This week in New Voices, we are proud to share Emily Roth’s “Everywhere, All at Once,” the honorable mention in 2021’s Flash Fiction Contest. In “Everywhere, All at Once,” the narrator’s brother has gone missing at college, and now she sees him everywhere. But always, she is wrong. Always, who she sees is someone else’s brother. Roth deftly plays with expectations and memory in this brilliant flash you won’t want to miss.
The last time I spoke to my brother, we couldn’t hear each other. All I heard was a whooshing din, like he was standing under the El tracks, even though I know there’s no El in the cornfield. After a minute, we hung up.
My brother has been missing for three days.
But when I finally arrive at his school, after driving through two hours of cornfields, he’s everywhere.
I see him in the quad, gazing at the clouds. I blink, and he is gone.
Outside his dorm, he sprints past me, full speed. The wind morphs him, his edges waver. Blurry, he glances at me, but his nose is all wrong—someone else’s brother.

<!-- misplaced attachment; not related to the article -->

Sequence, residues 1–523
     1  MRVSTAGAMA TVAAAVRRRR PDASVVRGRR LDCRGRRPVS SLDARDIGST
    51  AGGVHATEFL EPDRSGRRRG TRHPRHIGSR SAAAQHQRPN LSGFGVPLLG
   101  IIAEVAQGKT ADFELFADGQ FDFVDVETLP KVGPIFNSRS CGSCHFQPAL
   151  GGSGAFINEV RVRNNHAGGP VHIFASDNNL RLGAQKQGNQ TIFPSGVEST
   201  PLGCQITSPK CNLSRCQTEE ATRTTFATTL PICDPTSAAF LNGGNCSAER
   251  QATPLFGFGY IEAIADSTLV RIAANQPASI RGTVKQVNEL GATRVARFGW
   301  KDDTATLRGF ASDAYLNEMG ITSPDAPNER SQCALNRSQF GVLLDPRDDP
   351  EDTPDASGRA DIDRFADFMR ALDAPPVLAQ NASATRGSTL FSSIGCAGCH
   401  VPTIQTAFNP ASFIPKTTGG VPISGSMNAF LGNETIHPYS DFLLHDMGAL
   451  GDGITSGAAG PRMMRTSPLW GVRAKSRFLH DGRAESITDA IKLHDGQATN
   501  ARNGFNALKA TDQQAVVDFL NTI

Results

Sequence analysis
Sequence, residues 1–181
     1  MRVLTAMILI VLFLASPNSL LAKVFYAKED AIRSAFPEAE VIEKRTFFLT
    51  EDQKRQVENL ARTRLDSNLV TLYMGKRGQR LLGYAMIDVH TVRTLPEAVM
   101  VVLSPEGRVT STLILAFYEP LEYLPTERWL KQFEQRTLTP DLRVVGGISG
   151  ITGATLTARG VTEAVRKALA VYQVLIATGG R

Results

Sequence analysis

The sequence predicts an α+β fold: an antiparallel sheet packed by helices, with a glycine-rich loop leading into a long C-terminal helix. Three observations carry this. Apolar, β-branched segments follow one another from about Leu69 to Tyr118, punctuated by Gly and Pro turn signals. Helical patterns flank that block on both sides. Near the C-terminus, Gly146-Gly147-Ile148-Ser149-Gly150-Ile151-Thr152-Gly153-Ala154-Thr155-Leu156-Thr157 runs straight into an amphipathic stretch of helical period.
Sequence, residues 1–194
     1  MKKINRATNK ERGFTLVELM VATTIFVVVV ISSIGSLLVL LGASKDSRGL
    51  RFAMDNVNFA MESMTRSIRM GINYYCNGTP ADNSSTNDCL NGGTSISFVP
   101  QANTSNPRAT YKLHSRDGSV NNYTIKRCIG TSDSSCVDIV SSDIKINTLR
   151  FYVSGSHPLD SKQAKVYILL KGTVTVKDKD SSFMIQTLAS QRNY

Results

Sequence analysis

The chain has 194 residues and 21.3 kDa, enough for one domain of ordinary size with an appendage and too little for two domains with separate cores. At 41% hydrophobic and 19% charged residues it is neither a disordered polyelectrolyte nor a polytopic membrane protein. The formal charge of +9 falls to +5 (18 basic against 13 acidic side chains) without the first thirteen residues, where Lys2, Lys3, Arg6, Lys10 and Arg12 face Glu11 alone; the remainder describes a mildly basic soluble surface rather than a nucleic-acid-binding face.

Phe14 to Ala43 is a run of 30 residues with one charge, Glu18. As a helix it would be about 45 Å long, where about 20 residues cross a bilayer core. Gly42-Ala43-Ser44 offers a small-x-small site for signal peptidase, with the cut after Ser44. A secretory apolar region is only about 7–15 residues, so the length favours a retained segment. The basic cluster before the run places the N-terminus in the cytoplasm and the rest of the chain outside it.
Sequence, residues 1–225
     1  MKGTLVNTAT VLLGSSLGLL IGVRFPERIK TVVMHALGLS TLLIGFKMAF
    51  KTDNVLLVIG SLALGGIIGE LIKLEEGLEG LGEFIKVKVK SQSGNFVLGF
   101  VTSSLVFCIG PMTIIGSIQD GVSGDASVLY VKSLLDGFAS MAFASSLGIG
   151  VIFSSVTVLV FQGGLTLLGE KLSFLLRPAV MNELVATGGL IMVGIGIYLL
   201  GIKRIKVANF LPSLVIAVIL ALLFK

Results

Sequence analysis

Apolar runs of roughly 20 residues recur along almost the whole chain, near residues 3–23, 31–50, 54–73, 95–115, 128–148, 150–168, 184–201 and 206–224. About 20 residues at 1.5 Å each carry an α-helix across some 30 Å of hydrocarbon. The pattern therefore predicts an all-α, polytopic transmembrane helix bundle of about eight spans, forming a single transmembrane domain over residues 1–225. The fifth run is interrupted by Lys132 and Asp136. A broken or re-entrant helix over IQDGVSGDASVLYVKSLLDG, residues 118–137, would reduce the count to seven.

He disappears again and again, everywhere I look.
The police aren’t sure where he was last spotted, who he last texted.
My brother’s roommate looks surprised to see me. He has a port-wine stain across one side of his face that I hadn’t noticed when my brother moved in six weeks ago. In my memory, his complexion is monochromatic. I wonder what else I remember wrong.
“They’re searching the woods,” the roommate tells me.
I smooth my brother’s crumpled comforter and sit. The room is humid, a sweating stink cloud. I poke a jumble of dirty clothes with my feet and wonder if I’ll have to wash them.
My brother’s roommate watches me from the door. His birthmark stretches over one eye and half of his nose, swirling maroon like a cosmos. I strangely want to touch it.
We stare at each other. This is our third conversation, if you could call it that. The first, six weeks ago, I hardly remember. The second, two days ago, he asked if he should call the police and I said What do you mean, he’s gone? repeatedly, demanding new answers.
“How’s your mom?” the roommate asks.
“Can we open a window?”
I pick up a photo from my brother’s desk. A Jolly Rancher wrapper clings to the frame; watermelon. The photo was taken the day he won State last year. He ran the 5K in fifteen minutes, twelve seconds. He couldn’t believe he could run that fast. He kept looking at the medal and laughing. It was the funniest day of his life. His photo was in the paper—the moment the ribbon snapped, his arms in the air, face cracked into a grin.